“basalt eruptions and active crevice formation have been observed in the Ethiopian Rift which permits us to directly observe the initial formation of ocean basins on land. This is one of the reasons why the East African Rift System is so interesting to scientists.”
The Ngorongoro Crater, the remnants of a volcano probably larger than Kilimanjaro, was born of these basalt eruptions a couple or a few million years ago. At some point long ago, further rifting caused the abrupt withdrawal of lava from beneath the volcano, resulting in its collapse.
Ngorongoro is the largest unbroken and unflooded volcanic caldera in the world, 2000 feet from rim to floor and a hard to believe 192 miles in circumference. Marshland and acacia forests separated by plains and a lake support 30,000 or 40,000 animals most of the year inside the caldera. A drive around the rim is the distance from Boston to New York. Imagine.
Ramadan has just ended and there will be a huge Eid festival in Arusha. All 200,000 Arushans (back then), Muslim or not, will be in the streets. In preparation, the little stream that runs beside town has become an impromptu car wash around a car lot named Dimple Motors.
Arusha looks like a friendly town, but driving through, it occurs to me that if you’d just dropped into Africa from Denver or Detroit or Duluth for the first time, the unfamiliarity might make you uncomfortable.
Do not fear. That will pass.
Before you know it you’ll relish the incongruous jumble of the African city. You’ll find yourself celebrating the difference from back home: A banner over the airport road marking independence (not that many years ago), sunshine filtered through dust thrown up by traffic on non-tarmacked roads, big welcoming smiles, bright sarongs and bare feet, baskets on girls’ heads, the scent of smoky-blue fires in pots on the roadside, shells of unfinished buildings stalled for reasons never to be known.
The waist-high trees of the Burka coffee estate stretch endless acre after acre, either side of the road. Impenetrable mist shrouds the steep eastern slope of Mt. Meru, off past the edge of town.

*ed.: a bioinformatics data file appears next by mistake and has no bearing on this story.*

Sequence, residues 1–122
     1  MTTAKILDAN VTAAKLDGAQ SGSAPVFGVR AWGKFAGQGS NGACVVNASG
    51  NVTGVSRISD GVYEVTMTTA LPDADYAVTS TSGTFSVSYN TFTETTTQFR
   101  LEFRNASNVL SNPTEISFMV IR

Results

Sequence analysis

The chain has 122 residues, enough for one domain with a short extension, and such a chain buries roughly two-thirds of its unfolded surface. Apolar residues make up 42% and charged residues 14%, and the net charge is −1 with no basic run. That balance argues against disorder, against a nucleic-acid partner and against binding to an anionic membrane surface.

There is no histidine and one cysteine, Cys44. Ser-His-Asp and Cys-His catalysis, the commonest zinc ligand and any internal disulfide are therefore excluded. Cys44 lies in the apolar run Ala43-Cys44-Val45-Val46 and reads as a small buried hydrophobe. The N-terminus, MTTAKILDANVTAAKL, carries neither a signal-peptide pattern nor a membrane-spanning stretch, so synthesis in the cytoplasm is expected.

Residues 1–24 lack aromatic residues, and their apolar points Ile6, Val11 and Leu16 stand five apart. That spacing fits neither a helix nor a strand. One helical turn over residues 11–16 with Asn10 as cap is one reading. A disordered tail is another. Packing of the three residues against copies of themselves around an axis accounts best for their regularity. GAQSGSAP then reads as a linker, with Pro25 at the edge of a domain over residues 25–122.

Shade trees line the far side of town before traffic finally eases. Open-backed, full-polluting Tata trucks fly by, public transport. People stand in the back, clutching at the cab. Ramshackle stalls: “Lucky Feed Mill.” “Lucky Family General Store.” “Moona Pharmacy.” “Beuty Saloon.” All the way west from Arusha, Masaai villages of seven or eight or a dozen mud-walled roundhouses with thatched round roofs.
Here is a toll plaza, deserted. Godfrey never slows down.
“We pay our tolls through gasoline taxes now.”
Why don’t they just fix the damned roads? A western conceit. If there were money to fix the roads they’d use it to do a dozen more important things first, better nutrition, child care, malaria eradication.
Termite mounds rise three feet from red clay-colored dirt. African roadways belong to the people, as the roads of American cities did before the coming of the car. People scramble and scoot as, hell bent to deliver us to the crater (after which he’ll be off work), Godfrey pounds along, 80 kilometers per hour when he can, ruts and puddles or not.
It’s a straight road for multiple kilometers until a fateful right turn and farewell to tarmac at a signpost, “Ngorongoro 101 km” onto a road that promises a low-grade brain-jostling headache for days.
This was once an outpost of Deutschland. Germany came late to the Scramble for Africa and left early when it was stripped of its colonies after World War One. Its important colonies were only four – today’s Togo, Cameroon and Namibia along the west coast and German East Africa, comprising today’s mainland Tanzania, Burundi and Rwanda.
Chancellor Bismarck felt more pressing Realpolitikal concerns back home in Europe: “Here is Russian and here is France,” he said, “with Germany in the middle. That is my map of Africa.” Yet by 1884 as Britain and France madly staked their African claims, a sense Germans called Torschlusspanik, “door-closing-panic,” took hold, a fear that it might be left out. Traders felt mercantile pressure from their British and French rivals and let the government know it.
On his rise to power Bismarck declared that “the only healthy basis of a large state which differentiates it essentially from a petty state, is state egoism and not romanticism.” More than a decade later he reexamined his Africa policy, applied a healthy dose of large state egoism and with the support of the business communities in Hamburg and Bremen, Bismarck instructed the German explorer Dr Gustav Nachtigal to seize Cameroon, Togoland and Southwest Africa, now Namibia.